FUKUOKA – Toyota Motor Corp. is mulling issuing up to ¥100 billion ($900 million) in bonds with maturities of up to 20 years to invest in developing next-generation car technologies, sources close to the matter said Thursday.
Toyota plans to spend around ¥1.05 trillion on research and development this business year as competition in developing driverless technologies grows. Toyota is likely to use the money to fund ways to upgrade its automated driving and safety technologies.
Toyota’s cash reserves exceeded ¥7 trillion as of March 31. But since the Bank of Japan’s ultra-loose monetary easing policy has pushed down funding costs, the carmaker has apparently decided to secure long-term funds under very favorable terms.
This would likely be the largest bond issuance by Japan’s largest carmaker since it raised ¥120 billion in 2009.
In addition to 20-year bonds, Toyota is also considering issuing bonds with maturities of three, five and 10 years. It will decide on the specific issuance terms by the end of next week, the sources said.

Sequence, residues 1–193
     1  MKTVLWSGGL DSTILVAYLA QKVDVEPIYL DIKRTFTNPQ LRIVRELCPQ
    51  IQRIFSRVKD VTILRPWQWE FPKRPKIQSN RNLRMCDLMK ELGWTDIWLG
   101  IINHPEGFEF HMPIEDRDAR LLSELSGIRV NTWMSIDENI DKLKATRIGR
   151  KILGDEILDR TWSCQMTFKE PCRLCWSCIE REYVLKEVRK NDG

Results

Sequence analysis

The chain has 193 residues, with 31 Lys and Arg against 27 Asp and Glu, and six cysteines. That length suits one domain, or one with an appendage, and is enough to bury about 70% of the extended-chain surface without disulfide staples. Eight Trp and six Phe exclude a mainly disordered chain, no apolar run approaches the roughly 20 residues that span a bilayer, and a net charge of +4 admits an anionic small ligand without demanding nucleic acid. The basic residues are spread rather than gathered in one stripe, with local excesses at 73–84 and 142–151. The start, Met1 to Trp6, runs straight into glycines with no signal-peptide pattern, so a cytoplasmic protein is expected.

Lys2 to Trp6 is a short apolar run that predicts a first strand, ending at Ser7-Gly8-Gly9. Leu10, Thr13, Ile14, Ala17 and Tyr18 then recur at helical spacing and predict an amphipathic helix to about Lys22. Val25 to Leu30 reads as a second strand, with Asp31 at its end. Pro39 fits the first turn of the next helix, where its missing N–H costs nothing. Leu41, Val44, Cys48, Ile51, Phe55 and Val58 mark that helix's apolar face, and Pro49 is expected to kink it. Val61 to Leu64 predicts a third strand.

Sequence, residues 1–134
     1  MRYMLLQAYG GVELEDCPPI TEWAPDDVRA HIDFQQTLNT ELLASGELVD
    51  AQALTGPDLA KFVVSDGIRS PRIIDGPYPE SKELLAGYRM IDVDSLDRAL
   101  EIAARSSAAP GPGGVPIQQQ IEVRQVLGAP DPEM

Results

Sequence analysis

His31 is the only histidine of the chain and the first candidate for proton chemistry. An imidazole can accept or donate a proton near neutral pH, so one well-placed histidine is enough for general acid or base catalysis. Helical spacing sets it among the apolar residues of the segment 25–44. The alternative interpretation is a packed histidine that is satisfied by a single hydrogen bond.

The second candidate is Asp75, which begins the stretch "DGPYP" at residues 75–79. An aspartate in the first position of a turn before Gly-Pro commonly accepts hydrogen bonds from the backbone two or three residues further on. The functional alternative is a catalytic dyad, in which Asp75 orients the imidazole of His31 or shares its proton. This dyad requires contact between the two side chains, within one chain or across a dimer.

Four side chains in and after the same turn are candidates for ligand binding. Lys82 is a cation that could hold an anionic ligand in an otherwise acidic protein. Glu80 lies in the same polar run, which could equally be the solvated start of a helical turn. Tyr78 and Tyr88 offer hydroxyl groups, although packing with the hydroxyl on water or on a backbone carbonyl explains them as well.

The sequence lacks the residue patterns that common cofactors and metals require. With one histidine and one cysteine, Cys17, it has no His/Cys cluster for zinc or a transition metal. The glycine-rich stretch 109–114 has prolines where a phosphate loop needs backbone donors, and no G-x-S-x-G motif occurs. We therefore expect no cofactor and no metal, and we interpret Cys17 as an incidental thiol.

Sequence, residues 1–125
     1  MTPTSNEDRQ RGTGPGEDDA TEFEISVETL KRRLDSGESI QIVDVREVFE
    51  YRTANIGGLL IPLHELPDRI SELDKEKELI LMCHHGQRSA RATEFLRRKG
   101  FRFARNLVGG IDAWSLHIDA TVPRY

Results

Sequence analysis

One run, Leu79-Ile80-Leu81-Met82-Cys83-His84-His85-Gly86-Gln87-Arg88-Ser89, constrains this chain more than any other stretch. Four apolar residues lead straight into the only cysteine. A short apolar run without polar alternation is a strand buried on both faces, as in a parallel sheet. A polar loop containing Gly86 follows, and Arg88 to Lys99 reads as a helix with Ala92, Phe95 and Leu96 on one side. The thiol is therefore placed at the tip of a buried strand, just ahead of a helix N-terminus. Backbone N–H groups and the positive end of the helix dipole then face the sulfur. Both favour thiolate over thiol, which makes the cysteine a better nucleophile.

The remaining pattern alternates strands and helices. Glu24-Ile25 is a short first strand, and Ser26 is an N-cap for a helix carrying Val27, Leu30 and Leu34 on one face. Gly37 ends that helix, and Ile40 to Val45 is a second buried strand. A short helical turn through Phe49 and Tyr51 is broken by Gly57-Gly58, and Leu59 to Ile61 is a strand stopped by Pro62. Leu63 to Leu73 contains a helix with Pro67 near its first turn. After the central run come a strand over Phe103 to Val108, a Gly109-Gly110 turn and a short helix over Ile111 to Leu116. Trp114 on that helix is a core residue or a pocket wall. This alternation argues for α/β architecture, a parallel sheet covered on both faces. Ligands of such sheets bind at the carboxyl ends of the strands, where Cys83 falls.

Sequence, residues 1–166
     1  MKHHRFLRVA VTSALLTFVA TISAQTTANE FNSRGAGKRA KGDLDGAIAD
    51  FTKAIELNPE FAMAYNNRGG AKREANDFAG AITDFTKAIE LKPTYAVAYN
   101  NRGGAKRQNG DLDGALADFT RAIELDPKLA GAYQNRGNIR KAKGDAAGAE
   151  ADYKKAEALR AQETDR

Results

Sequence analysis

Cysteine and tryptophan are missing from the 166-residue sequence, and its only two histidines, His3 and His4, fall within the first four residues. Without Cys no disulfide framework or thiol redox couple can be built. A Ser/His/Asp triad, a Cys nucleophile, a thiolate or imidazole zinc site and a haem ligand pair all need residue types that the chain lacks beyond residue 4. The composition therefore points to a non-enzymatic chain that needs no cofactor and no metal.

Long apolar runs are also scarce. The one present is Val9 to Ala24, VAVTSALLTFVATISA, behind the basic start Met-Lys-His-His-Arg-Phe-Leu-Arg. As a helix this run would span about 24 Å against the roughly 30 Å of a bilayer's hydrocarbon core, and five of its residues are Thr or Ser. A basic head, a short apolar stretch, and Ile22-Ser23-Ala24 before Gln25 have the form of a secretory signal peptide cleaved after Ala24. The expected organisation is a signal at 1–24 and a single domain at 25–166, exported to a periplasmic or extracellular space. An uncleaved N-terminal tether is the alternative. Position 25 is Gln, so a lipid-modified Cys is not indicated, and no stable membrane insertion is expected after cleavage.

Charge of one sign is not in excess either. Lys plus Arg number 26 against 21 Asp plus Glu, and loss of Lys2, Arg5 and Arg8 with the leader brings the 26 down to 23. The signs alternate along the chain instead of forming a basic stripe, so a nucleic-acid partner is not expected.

The bonds are likely to be sold mainly to financial institutions because the minimum purchase amount will be ¥100 million, but private investors will also be able to buy them.
Toyota was initially planning to issue 30-year or 40-year bonds, the longest it uses, but apparently dropped the plan after failing to come to terms with institutional investors.
The BOJ’s unorthodox easing measures, which include charging negative interest on some commercial bank reserves held at the central bank, have boosted the issuance of corporate bonds with maturities lasting more than 10 years.
In May 2016, Toyota raised some ¥60 billion by issuing bonds, including 20-year debt, for the first time in 18 years.
West Japan Railway Co. (JR West) issued 40-year bonds in February 2016, marking the longest maturity on a bond issued by a private company in Japan.
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